Being a Godparent in Modern Times

Nowadays, it’s common to see godparents arrive in multiple pairs, crowding around the wed couple or the baptized child because of their sheer number. It’s a stark difference from decades ago, when a pair of godparents was enough to stand witness to religious rituals. As to why this has happened, Roldan offers this explanation: “Perhaps, it may be related to having less children these days compared to before. In the past, parents had more children, so they made sure to assign worthy godparents for all their children.” 

Sometimes, the reason lies in having a big social circle. “For those with large friend groups and with one or two children, parents have to name more godparents per child so as not to exclude and hurt the feelings of their friends. Still, there are some who intentionally pick several godparents to compensate for the costs of the celebration, or expand the circle of elders they can approach for advice.”

Despite this practice, Grace, who has 10 godchildren, strives to fulfill her role. “I don’t get to talk to all of them except for my nephew who’s also my inaanak, but I do talk to their parents regularly. I know that most children see — and even expect — their godparents to give them gifts during Christmas and their birthdays. I think that’s okay especially when they’re young. That was how I saw my godparents too when I was a kid.”

Jason, who has about the same number of inaanak, shares that he only gets to interact with godchildren whose parents he’s still in contact with. “If I get to hang out with their parents, I also get to see my godchildren. I make small talk, maybe give cash. But now with social media, I can ask how they are from time to time. As a ninong, I look out for their welfare.”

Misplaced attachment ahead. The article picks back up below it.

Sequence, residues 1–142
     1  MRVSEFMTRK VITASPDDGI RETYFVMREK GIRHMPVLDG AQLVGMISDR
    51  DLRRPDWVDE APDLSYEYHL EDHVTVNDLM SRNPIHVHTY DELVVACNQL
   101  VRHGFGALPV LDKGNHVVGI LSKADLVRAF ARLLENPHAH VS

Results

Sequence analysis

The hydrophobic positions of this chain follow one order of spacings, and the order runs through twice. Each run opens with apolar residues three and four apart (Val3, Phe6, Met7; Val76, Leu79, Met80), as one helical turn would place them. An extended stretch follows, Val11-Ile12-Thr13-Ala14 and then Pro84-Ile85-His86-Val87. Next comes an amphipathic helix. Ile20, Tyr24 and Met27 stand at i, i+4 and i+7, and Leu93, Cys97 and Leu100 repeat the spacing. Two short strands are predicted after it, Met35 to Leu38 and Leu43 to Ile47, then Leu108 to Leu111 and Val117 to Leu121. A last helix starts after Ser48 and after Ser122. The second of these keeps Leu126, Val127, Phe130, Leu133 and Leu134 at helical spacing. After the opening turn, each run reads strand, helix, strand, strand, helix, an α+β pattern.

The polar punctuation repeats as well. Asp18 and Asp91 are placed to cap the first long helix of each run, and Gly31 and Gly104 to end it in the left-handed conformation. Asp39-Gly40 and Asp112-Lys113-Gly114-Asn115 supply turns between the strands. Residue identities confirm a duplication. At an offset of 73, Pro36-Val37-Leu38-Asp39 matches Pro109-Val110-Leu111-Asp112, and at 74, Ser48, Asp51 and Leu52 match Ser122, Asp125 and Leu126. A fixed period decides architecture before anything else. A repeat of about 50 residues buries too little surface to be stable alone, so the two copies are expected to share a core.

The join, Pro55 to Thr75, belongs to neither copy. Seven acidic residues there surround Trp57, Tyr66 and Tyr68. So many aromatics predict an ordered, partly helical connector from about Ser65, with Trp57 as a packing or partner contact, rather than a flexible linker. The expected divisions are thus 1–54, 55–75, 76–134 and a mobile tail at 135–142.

Grace sees herself as a co-parent, ensuring that her godchildren grow up properly. She expects this same dedication from the godparents she’d chosen for her child. “There’s a saying, ‘It takes a village to raise a child’. It’s not easy to be a parent. As much as we want to provide for our kids’ mental, physical and emotional needs all the time, we can’t do it alone. And that’s where the ninongs and ninangs we have chosen, come in. After all, most of them are our childhood friends, high school and college buddies or our closest colleagues. They were there during our first crush, first heartbreak, and other milestones. So it only follows that as we go through this parenting journey, we go through it with them.”

Jason, 2nd from left, poses with his goddaughter Maya during her baptism.


The pandemic may discourage or even prohibit face-to-face interaction among godparents and godchildren, but phone calls, text message and online social platforms still make close communication possible all throughout the year. “Social support, particularly gift-giving during the holidays will continue. People shop online, send presents through various delivery modes. Ninangs and ninongs may send cash through online banking— at least for some sectors of society who are not affected by unemployment woes during the pandemic. We can expect more practical exchanges through social networks, or donations made instead of presents given during the pandemic,” Roldan ends.


To learn how you can enjoy a happy yet safe Christmas celebration during the pandemic, watch Be Safe: Pagiging Ligtas ngayong Holiday Season.